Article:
Fig. 6
figure 6

Disease prediction of a prospective patient cohort with suspected brain cancer using ATR-FTIR spectroscopy. Blind analysis was conducted using an SVM algorithm previously trained on retrospective patient cohort. a Confusion matrix of classification on a per patient basis with b confusion ball visualisation of sensitivity and specificity

Within this prospective patient cohort, a total of 12 patients were observed to have cancer. The tumour type breakdown included; four GBM, three anaplastic astrocytoma, two oligoastrocytoma, one medulloblastoma, one ependymoma and one gliosarcoma. It is clear in Table 1 that some of these tumour classifications are not well represented in the training dataset and could thus be the source of unwanted false negative predictions. For example, the ependymoma case was incorrectly identified as non-cancer (data not shown) and only six incidences of this tumour class are found in the 724 patient training dataset.


A simple test for the early diagnosis of brain cancer in primary care has the potential to make dramatic impacts on patient survival and quality of life, whilst also saving resources and costs within health services across the world15. Analysis of blood serum using ATR-FTIR spectroscopy is a technique advancing towards the clinic, aiming to fill the void as a triage tool to help inform GP referral decisions33. Up until now, the technique has been limited by low-throughput technology that requires near constant user attention, potentially inhibiting clinical uptake. Disposable, Si IREs transform conventional ATR-FTIR spectroscopy by allowing batch processing of samples, and conversion of commercial spectrometers into high-throughput analysers.

Integration of Si IREs into spectrometers is simplified by patent pending technology; optimised design of the Si IRE holder allows easy handling, and an indexing unit guides the slide across the open aperture of the spectrometer. The spectral output of Si IREs is of equivalent quality to that of convention IRE materials, such as diamond, without exhibiting strong spectral features from the Si itself. Whilst there is increased variability between spectra obtained with Si IREs, this is minimal for an approach where the background reference spectrum is taken from essentially a separate IRE. Differences between diamond and Si IREs can be attributed to differing baselines as a consequence of the grooved under surface; however, this can be modelled using iterative processes.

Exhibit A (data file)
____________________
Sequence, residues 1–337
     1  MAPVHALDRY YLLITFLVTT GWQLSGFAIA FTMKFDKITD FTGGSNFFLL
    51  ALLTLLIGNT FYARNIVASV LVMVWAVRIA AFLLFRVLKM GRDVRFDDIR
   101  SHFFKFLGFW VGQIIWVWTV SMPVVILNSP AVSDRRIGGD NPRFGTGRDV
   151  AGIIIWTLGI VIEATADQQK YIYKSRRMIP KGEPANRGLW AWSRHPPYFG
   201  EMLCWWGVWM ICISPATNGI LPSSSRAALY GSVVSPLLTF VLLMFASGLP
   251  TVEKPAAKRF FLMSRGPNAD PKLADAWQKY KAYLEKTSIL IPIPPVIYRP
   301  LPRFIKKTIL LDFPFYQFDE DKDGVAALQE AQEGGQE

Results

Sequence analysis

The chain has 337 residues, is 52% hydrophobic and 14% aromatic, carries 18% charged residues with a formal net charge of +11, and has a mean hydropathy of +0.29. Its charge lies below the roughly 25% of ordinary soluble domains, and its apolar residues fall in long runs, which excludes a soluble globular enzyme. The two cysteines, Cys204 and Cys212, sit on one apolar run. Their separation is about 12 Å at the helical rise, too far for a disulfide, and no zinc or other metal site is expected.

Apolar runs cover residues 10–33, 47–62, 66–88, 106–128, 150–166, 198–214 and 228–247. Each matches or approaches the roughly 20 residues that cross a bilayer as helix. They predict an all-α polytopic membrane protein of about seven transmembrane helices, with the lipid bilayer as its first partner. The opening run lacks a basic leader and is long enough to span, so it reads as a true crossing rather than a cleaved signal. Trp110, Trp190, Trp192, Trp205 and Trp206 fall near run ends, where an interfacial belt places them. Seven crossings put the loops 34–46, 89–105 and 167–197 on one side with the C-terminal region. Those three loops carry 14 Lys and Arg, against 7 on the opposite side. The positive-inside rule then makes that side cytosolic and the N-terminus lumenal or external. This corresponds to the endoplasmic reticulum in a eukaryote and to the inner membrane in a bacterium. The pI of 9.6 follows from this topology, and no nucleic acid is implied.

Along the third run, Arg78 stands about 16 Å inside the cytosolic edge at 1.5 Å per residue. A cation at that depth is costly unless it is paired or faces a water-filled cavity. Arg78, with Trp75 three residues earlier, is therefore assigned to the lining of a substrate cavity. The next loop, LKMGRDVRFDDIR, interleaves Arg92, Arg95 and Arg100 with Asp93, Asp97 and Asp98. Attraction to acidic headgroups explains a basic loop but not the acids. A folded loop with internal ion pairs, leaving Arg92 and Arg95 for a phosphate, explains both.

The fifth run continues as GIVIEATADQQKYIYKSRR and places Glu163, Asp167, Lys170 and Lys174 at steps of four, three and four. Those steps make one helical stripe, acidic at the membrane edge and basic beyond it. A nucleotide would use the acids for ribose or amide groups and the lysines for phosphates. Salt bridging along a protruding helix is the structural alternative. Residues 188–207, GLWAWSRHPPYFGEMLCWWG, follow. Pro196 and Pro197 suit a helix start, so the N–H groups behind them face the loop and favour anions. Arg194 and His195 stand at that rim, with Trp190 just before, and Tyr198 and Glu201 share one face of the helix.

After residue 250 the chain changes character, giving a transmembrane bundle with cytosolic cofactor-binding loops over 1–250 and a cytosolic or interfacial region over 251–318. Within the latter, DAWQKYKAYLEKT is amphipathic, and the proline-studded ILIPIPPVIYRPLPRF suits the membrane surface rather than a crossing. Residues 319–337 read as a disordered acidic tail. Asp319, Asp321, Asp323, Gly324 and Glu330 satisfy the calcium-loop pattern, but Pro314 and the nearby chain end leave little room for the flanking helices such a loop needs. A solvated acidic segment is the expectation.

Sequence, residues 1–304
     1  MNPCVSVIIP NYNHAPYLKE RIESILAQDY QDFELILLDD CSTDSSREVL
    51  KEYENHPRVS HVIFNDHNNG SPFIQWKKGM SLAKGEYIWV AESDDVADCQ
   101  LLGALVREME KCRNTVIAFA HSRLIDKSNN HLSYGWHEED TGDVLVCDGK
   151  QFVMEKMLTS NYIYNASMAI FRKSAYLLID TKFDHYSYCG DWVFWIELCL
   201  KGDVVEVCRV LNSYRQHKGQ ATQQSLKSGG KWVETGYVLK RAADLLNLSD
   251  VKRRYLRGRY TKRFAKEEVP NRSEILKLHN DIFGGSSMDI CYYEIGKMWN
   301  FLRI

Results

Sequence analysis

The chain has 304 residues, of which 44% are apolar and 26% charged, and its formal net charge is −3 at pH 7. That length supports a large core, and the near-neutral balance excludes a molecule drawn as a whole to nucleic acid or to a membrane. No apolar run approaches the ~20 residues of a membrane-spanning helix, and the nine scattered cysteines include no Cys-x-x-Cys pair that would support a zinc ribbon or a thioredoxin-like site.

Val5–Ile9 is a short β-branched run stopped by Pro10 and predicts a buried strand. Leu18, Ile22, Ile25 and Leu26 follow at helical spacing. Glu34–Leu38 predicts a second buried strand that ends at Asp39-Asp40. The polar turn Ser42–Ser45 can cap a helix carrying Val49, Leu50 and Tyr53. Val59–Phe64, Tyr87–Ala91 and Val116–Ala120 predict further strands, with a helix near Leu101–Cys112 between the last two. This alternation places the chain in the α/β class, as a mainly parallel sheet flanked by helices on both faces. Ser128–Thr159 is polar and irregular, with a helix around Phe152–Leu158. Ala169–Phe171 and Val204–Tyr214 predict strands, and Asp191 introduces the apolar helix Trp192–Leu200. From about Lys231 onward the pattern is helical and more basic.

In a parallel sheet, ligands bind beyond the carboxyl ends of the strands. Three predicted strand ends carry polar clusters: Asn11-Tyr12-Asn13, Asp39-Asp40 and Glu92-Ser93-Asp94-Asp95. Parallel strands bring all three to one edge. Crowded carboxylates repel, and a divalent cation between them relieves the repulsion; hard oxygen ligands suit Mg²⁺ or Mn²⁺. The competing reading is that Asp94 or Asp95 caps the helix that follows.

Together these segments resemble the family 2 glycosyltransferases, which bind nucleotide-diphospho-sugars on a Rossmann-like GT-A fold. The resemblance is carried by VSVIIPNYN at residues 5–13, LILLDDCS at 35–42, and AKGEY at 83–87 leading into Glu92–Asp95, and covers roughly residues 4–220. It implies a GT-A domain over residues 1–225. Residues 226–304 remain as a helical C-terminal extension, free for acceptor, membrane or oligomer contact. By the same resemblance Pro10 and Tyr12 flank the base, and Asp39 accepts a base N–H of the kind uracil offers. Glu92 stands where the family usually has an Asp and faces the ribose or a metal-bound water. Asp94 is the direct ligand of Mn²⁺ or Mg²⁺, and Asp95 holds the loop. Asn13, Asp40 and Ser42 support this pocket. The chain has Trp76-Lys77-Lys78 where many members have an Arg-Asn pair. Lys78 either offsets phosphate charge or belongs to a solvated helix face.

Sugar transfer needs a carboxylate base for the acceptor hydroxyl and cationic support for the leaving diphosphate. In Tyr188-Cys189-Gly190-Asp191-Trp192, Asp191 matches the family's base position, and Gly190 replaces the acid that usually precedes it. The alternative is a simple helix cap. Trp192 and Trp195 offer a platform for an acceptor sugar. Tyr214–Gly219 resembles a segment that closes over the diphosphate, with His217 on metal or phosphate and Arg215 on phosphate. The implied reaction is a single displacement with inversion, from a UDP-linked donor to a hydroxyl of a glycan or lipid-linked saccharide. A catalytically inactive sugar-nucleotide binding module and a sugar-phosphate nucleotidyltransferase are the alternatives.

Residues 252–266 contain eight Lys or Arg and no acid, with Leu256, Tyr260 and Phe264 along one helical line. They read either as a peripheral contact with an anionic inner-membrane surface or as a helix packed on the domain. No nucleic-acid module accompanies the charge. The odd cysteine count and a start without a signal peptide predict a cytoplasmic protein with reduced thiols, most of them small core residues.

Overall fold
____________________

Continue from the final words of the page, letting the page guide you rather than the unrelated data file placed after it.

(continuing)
The classification performance of the Si IREs on a retrospective dataset is also equivalent to previously reported data on diamond. The 724 patient cohort analysed using Si IREs obtained a sensitivity and specificity of 93.2% and 92.8% respectively, compared to 92.8 and 91.5% on a retrospective 433 patient cohort18. In both these examples, a SVM-based classification protocol was used to extract the signals of primary and secondary brain cancers. Although the patient cohorts were comprised of separate patients and thus not entirely comparable, the high diagnostic capability is positive. Improved sensitivity of the technique may occur as a consequence of altering the IRE material and thus the penetration depth of the evanescent wave, or due to accounting for more variance in the patient population.